- Museum number
Painting, hanging scroll. Dragon in clouds. Ink on paper. Signed and sealed.
- Production date
Height: 119.90 centimetres
Width: 177.30 centimetres
- Curator's comments
See Basil Gray, 'Dragon-Painting by Tani Buncho' in British Museum Quarterly IX (1934), pp. 2-3.
In ancient Chinese belief dragons are associated with clouds and water and are thought to control the rain. They are seen as ever-changing manifestations of the 'yang' (active) principle. Clouds are also seen as an embodiment of 'qi', the vital force of the cosmos. Dragons have been frequently portrayed by ink-painters in both China and Japan, famously by the 13th-century Chinese painter Chen Rong.
Tani Buncho was a highly eclectic and influential painter working in Edo in the late 18th and early 19th centuries, who mastered a wide variety of historical painting styles from China and Japan. The large size of the present painting suggets it was intended to be hung in a temple. (Label copy, TTC 2000)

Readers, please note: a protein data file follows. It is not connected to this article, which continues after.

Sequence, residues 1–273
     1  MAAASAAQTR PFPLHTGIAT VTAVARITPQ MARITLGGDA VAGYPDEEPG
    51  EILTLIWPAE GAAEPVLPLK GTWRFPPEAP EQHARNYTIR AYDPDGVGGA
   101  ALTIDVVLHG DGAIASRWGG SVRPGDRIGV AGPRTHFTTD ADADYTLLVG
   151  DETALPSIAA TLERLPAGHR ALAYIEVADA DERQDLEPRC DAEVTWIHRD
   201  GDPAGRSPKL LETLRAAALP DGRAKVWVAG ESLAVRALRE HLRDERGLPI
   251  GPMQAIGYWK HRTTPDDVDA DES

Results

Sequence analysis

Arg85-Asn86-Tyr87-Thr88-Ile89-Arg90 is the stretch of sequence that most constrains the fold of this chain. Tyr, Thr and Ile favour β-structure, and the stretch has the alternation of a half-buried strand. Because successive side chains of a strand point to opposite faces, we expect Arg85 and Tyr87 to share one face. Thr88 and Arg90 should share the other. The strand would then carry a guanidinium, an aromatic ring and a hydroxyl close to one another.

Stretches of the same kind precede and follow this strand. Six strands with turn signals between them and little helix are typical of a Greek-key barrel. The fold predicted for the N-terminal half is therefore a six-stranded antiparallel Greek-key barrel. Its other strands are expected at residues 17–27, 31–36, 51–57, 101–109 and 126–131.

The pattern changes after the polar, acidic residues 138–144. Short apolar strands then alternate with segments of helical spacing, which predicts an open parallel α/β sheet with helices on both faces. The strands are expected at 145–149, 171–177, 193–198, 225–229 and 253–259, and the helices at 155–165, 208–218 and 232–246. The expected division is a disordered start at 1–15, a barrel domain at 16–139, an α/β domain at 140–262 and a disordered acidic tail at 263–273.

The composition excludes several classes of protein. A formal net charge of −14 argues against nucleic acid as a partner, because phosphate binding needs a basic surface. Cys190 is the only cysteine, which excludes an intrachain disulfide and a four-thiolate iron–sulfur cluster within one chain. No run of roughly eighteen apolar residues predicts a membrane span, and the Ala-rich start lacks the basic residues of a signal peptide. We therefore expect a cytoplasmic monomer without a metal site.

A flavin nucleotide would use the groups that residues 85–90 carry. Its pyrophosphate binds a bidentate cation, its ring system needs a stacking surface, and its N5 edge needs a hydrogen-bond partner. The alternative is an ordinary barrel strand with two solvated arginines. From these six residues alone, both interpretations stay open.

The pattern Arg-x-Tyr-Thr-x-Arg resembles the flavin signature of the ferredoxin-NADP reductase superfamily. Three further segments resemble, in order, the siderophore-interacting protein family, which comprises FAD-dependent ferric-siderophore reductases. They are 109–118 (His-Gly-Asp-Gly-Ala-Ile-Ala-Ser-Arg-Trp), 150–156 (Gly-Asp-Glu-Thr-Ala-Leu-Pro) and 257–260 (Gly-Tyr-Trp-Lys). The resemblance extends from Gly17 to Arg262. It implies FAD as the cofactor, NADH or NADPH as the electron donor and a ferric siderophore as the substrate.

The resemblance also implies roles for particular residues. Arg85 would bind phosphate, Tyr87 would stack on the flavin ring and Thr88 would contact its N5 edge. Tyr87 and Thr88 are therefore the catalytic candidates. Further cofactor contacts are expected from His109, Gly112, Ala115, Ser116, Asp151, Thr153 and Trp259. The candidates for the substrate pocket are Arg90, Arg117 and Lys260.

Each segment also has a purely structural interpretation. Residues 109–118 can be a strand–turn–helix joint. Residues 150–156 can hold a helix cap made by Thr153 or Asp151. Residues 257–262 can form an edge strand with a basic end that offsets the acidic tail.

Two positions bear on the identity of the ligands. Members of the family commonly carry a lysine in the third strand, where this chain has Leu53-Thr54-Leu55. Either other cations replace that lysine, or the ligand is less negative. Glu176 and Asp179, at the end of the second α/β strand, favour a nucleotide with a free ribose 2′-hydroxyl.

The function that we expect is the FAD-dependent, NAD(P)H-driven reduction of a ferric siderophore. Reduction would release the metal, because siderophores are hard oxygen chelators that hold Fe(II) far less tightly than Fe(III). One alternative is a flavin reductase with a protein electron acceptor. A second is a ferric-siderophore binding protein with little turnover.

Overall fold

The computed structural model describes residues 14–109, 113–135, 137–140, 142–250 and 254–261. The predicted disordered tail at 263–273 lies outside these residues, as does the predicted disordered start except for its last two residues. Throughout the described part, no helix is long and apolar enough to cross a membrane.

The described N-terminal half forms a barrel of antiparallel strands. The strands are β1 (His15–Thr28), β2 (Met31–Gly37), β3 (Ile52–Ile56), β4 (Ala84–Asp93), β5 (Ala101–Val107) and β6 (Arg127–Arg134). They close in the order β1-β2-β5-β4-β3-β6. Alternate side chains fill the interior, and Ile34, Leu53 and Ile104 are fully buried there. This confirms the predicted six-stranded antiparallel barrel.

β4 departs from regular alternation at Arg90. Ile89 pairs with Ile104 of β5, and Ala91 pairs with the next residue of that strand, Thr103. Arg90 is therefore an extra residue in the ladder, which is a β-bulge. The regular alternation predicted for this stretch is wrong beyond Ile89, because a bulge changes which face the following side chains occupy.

- Not on display
- Exhibition history
2000 24 Mar-24 Sep, London, BM, Japanese Galleries, 'Japan Time'
2006 18 Mar-4 Jun, Beijing, Capital Museum, Treasures of the World's Cultures
2007 3 Feb-27 May, Taipei, National Palace Museum, Treasures of the World's Cultures
2007 14 Sep-2 Dec, Hong Kong Museum of Art, Treasures of the World's Cultures
- Remounted 1999.
- Acquisition date
- Registration number
- Additional IDs
Asia painting number: Jap.Ptg.Add.90 (Japanese Painting Additional Number)